Something bumped into her shoulder, hard, and she turned to look and realized with a thrill of horror that she had been shot. She couldn't let Hawkeye see. He had stuck with her so far because he needed her while his legs were broken, and she had stuck with him because she needed to know what he had stolen from the Lubyanka. But with a bullet through her shoulder she wouldn't be useful to him anymore. She could not let him know.

The pain, when it came, was so white-hot she almost dropped her guns. As it was, she paused long enough for Hawkeye to notice and ask if everything was all right.

She said it was, even though she thought it was unlikely that she would reach the top of the building without passing out.

But she did, and although Hawkeye looked at her funny, he didn't ask why she was moving slower than usual, or why she was only using her left arm. He seemed nicer than most spies she had met: he probably would wait for her to pass out before killing her, so she wouldn't even know what happened. It would be quiet, quick, and painless (except for the bullet she already had in her shoulder). She should feel grateful, but . . . she really didn't want to die.

The whole city block was connected, so getting to the roof of the next building wasn't difficult at all. The building at the other end of the block was easy to scale, which was good, because Natasha was quickly losing all feeling in her right arm on top of losing her vision and feeling very hot and very dizzy, and both of Hawkeye's legs were still broken, meaning he had to scale the building using only his hands. They got to the bottom, Natasha struggling the entire way not to pass out, and snuck unobtrusively (as much as someone who was walking on their hands could be unobtrusive) into a small, dimly lit café.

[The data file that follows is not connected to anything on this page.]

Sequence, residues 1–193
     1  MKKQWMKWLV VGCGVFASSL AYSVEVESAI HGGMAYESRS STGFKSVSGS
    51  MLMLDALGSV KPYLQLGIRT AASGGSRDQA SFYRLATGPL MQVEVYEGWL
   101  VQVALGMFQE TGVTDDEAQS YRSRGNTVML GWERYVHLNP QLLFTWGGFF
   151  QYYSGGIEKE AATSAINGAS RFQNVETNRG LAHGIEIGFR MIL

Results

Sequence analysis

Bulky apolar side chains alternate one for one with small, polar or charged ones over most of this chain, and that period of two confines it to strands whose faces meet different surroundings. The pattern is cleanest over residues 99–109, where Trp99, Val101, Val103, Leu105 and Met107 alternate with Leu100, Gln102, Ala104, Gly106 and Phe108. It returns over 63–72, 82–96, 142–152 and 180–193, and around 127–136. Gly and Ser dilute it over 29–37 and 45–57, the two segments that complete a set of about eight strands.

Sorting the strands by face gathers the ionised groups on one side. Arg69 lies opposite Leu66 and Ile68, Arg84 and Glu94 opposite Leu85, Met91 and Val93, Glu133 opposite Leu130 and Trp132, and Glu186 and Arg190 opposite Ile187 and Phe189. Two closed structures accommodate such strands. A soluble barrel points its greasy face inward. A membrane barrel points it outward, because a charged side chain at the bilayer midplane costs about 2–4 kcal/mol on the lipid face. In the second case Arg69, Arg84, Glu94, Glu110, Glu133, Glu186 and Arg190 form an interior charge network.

She fainted before she had gone three steps in.

↑ =ö= ↑ =ö= ↑ =ö= ↑ =ö= ↑ =ö= ↑ =ö= ↑ =ö= ↑ =ö= ↑ =ö= ↑ =ö= ↑ =ö= ↑ =ö= ↑ =ö= ↑ =ö= ↑ =ö= ↑ =ö= ↑ =ö= ↑ =ö= ↑ =ö= ↑ =ö= ↑ =ö= ↑ =ö= ↑ =ö= ↑

Natasha woke up slowly. Unless there was literally a knife to her throat or a gun to her head she always woke up slowly. Seemingly slowly. Actually, her mind was wide awake, while her body continued to look asleep to anyone who might be watching. Her shoulder still hurt, but it had clearly been bandaged, and didn't hurt as much as before. She was lying on a bed and there was a blanket over her, and part of her shirt was missing, probably cut off by whoever had bandaged her wound.

She could hear the hawkers outside an open window; she was probably on the fourth or fifth floor of whatever building she was in. She couldn't hear any movement inside the room she was in, so she opened her eyes, still doing her best not to move so that unless someone was looking right at her, nobody would ever know she had woken up.

There was nobody in the room. There was a table next to the bed with some bread, some soup (at room temperature, unfortunately), some water (also at room temperature), and a spoon.

On the ground was her bag, with all her supplies still in there. On top of the bag was a new shirt that looked her size.

Next to the food on the table was a note with a long black arrow stuck through it: 'Until next time.'

Author's Notes

Fyodor Raskolnikov: His name comes from Fyodor Dostoevsky, who wrote Crime and Punishment, and from main character in the book: Rodion Romanovich Raskolnikov.

Спрут: means "Octopus" in Russian. It's the name of the Soviet submarine that runs aground on US soil in the 1966 movie The Russians Are Coming, The Russians Are Coming.

черт побери: a Russian swear

старуха: means "old woman" in Russian

Yuri Loginov: His name comes from Yuri Padorin, a Soviet admiral in Tom Clancy's book (and in the 1990 movie) Hunt for Red October, and from Igor Loginov, a Soviet GRU Intelligence Officer who tries to destroy the sub Red October in the same book/movie.